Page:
Drake’s outsider art, separated from his folk peers by his distinct roots in American gospel, blues, and R&B, and set aside from more contemporary fans by his quaint Englishness, places him in the category of artists like Daniel Johnston, Roky Erikson, and Elliott Smith, not in musical similarity (not that the late Smith’s acoustic works don’t owe something to Drake’s work, especially Pink Moon), but in those artists' own difficulty in maneuvering the base world of rock ’n’ roll media. Enormously talented and proficient, but far too withdrawn to emotionally deal with the rock ’n’ roll spotlight, the din of the concert-going crowd, and his own worries of irrelevance, Drake was perceived by some of the rock lit crowd as a spoiled, depressed silver-spooner.
Of course, there’s far more to Drake’s music than the 'sad bastard' umbrella is able to cover. The delicate, virginal quality of his voice, never rising above a whisper and inherited from his folk-singing mother (aptly demonstrated by snippets of her work included in the Skin Too Few film), his jazz- and blues-inflected cluster chords, the workmanlike stability of his picking patterns -- they all reveal an artist not concerned with any particular scene, other than the one in his head.
And the lyrics! Always suggesting a man out of step with everything, pleading for “a second grace,” “a place to be,” or mourning a fruit tree that “can never flourish ’til its stock is in the ground.” Or one who couldn’t recognize those around him who tried to be those fruit tree roots: “Know that I love you, know I don’t care/ Know that I see you, know I’m not there.” We find him praying for “warmth and green paper” in the rainy streets under the chiming city clock. Throughout his three albums, Drake uses only the lowliest terms to label himself: a clown, a parasite, a poor boy.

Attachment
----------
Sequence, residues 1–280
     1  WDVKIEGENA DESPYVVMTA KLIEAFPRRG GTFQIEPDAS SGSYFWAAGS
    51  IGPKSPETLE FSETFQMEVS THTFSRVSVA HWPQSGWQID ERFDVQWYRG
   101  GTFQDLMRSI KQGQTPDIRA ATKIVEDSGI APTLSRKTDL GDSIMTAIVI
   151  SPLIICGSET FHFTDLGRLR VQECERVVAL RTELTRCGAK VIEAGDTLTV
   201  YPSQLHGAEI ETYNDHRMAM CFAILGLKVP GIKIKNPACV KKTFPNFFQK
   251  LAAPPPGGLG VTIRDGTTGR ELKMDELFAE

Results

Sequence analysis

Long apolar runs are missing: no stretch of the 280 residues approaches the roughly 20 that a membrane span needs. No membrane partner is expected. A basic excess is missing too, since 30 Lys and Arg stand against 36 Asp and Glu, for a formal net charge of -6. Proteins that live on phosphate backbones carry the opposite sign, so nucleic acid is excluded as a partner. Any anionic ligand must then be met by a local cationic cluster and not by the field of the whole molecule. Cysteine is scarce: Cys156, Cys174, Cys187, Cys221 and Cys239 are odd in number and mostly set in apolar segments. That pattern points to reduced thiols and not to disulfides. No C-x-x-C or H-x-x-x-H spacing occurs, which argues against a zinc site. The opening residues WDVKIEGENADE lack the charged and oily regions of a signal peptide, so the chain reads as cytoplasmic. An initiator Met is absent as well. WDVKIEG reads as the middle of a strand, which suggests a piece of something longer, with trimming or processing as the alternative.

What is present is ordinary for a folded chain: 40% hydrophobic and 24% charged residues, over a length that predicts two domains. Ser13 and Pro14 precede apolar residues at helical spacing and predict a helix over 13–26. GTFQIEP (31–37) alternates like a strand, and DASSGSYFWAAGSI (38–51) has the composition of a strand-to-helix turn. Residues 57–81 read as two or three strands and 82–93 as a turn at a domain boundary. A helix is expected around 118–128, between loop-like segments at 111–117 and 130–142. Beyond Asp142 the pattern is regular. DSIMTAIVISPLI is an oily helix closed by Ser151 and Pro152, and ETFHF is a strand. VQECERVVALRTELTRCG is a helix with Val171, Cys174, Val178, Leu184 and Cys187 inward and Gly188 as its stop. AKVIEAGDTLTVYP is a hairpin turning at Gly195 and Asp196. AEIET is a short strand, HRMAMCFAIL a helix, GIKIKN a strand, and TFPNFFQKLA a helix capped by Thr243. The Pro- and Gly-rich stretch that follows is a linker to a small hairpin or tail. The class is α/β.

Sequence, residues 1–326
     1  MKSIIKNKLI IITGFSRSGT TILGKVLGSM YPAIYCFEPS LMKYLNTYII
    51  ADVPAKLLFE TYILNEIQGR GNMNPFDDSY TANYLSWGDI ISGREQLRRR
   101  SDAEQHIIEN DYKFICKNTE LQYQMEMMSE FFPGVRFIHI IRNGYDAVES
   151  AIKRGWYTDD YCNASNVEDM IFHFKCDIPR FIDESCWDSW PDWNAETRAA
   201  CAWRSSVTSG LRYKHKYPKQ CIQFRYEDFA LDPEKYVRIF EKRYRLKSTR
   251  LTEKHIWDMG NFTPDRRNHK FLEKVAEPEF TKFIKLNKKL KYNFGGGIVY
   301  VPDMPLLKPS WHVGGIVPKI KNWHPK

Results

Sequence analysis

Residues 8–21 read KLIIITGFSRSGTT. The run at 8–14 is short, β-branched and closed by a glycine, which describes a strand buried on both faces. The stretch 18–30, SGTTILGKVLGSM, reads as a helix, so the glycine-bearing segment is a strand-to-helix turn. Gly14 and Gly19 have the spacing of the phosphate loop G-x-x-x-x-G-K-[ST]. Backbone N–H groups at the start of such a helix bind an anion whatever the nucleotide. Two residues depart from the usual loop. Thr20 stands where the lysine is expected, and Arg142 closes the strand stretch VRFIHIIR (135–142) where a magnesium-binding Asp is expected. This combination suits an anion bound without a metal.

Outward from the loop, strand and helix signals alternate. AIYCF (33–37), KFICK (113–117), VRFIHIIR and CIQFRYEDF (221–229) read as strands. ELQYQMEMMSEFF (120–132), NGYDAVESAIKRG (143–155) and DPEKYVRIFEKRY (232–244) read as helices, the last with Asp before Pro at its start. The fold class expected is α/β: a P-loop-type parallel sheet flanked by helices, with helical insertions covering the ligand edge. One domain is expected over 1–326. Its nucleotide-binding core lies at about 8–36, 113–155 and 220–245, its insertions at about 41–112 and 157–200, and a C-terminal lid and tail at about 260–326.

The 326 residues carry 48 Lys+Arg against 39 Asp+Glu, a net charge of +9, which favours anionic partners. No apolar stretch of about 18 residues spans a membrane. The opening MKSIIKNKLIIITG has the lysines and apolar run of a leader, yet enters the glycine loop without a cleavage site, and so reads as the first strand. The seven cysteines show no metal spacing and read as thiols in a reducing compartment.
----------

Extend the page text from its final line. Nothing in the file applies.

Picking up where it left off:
Yet hope and beauty are constant: the sprightly humor of “Hazey Jane II,” the utterly romantic vision of “Northern Sky.” the hard-earned resolution of “The Day is Done.” With a song like “Pink Moon,” Drake manages to somehow encapsulate both the eschatological joy and fear of impending judgment. Feats like this are rare, and their soft accomplishment echoes on in the sounds and tones of Drake’s cult today.
Perhaps it’s best that Time of No Reply has been left out of this definitive version of Fruit Tree. Though fascinating, it’s best to view Nick Drake in light of his three albums. His scarce output only highlights the mystery inherent to Drake’s music. We are left with only them, coherent and complete, and a vision of an artist that remains an enigma to even those closest to them.
The following is a brief interview with Joe Boyd, the man who discovered Nick Drake, managed him under his Witchseason Productions, and produced his first two albums, Five Leaves Left and Bryter Layter.
Nick Drake’s music has a few particular adjectives that seem to follow it: 'magical,' 'mysterious,' 'fragile.' How to do you feel these descriptions fare against your experience with Nick? What words would you like applied to his art, lyrics, and overall working approach? What words would you use to describe his music to someone who has never heard him?
JB: Literate words, complicated and sophisticated musicianship, very English.
You’ve stated that you feel one of the reasons traditionally English-based folk music has had difficulty finding an audience in America is a certain lack of “swing or color” often associated with pop music in America, descended from R&B roots. Yet Nick’s music is awash with elements of jazz, gospel, and blues music, all heavily American in origin. What do you think made an audience so elusive for Nick in his lifetime? How much of the incorporation of these elements came from you and your direction of the rhythm section on Five Leaves Left and Bryter Layter?